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In a perfect world, your SDR team will always be working warm leads. In reality, however, this isn’t always possible, for any number of reasons; whether it’s that your scoring methodology is off, the lead just purchased from your competitor or something else. As a result, your SDRs are often left with wasting their time on cold leads.
Further complicating matters is the fact that purchasing cycles are getting longer and more decision-makers are being added to the process, which makes lead nurturing far more challenging.
Two things that improve the odds of your SDR team optimizing their time and reaching their goals include setting up the right nurturing sequences and ensuring that they have access to relevant contextual data. Let’s take a look at each of these things below.
The most critical weapon an SDR has in his or her arsenal is time. When leads are passed along from marketing to the sales development team, it’s the SDRs’ job to research those prospects and develop appropriate messages that will hopefully nurture those leads through the sales funnel.
There are several channels available to SDRs, including manual ones, like phone calls and social media interactions, as well as automated ones, like drip emails. Leveraging four or more channels can make SDRs up to 300% more effective in converting a lead.
But doing so requires a delicate balance. Too many manual touches will drain their availability and reduce productivity. Too much reliance on automated methods, on the other hand, is a waste of human skills and can potentially drive leads away.
To address this, SDR teams should develop and implement a repeatable sequence of actions that includes a combination of both manual and automated communication. The length and order of the cadence you choose will ultimately depend upon your sales cycle, but here’s a general example:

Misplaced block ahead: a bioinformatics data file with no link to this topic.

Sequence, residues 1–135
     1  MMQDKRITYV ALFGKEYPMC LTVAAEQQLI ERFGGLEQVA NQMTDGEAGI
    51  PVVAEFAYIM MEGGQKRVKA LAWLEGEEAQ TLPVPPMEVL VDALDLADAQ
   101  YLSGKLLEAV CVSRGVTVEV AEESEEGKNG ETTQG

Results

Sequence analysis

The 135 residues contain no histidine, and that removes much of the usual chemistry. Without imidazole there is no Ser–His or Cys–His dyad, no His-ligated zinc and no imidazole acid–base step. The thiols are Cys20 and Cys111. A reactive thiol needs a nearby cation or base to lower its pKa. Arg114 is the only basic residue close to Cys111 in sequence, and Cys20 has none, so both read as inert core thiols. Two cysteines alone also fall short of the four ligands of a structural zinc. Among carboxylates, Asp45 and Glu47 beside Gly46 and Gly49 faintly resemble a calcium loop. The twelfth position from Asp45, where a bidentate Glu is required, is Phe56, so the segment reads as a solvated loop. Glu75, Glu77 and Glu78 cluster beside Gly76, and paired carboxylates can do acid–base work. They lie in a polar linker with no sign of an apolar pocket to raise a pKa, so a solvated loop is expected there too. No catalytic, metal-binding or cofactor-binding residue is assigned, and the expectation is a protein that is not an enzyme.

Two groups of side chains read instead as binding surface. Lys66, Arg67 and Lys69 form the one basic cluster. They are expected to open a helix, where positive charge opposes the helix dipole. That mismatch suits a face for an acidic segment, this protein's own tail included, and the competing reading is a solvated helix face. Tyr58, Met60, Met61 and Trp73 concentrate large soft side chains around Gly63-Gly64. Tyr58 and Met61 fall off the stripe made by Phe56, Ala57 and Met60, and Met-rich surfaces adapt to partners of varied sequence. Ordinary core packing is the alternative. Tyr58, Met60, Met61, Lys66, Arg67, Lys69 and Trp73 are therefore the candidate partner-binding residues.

- Day 1: Email, Social Media, Phone Call
- Day 4: Email, Phone Call
- Day 7: Social Media, Phone Call, Voicemail
- Day 10: Email, Social Media
- Day 14: Email, Social Media
- Day 18: Phone Call, Voicemail
- Day 20: Email, Phone Call
- Day 25: Email, Phone Call
If, after the 25th day, a contact has not responded, the SDR should move on to the next lead. Again, if your sales cycle is longer or shorter, you may need to tweak this accordingly. Likewise, you may wish to modify and segment this based on the customers you’re targeting with each campaign. In any case, having a documented sequence in place helps to maximize efficiency, create consistency and improve the odds of conversion over time.
Of course, SDRs should be free to respond to buying signals at any point during the nurture sequence to prioritize accounts based on interest level. For instance, if a particular lead has a question about something specific related to the product, sending over a relevant case study can help push that lead through to the next tier of the funnel.
To put the pieces of the puzzle together, SDRs require relevant data from a variety of different sources and across the entire buying cycle. Data surrounding demographics help to prioritize leads as a start, but from there behavioral and intent-related data is what truly drives the sales process.
Understanding what leads are doing at any given point, whether it’s liking a tweet or downloading a whitepaper, provides insight into how messaging can and should be approached. For instance, let’s say a lead announces a new award nomination or indicates interest in attending an upcoming trade show.
With this contextual data, the SDR can then reach out with a personal message extending congratulations or initiating a plan to meet up at the event. This type of “touch” may not be enough to convert the lead now, but it will be far more valuable than sending a copy of the latest ebook.
You want your SDR team to succeed because their success means greater profitability for your business. Arming them with the right nurturing sequences and providing them with relevant contextual data will position them for even greater performance, which is critical to your bottom line.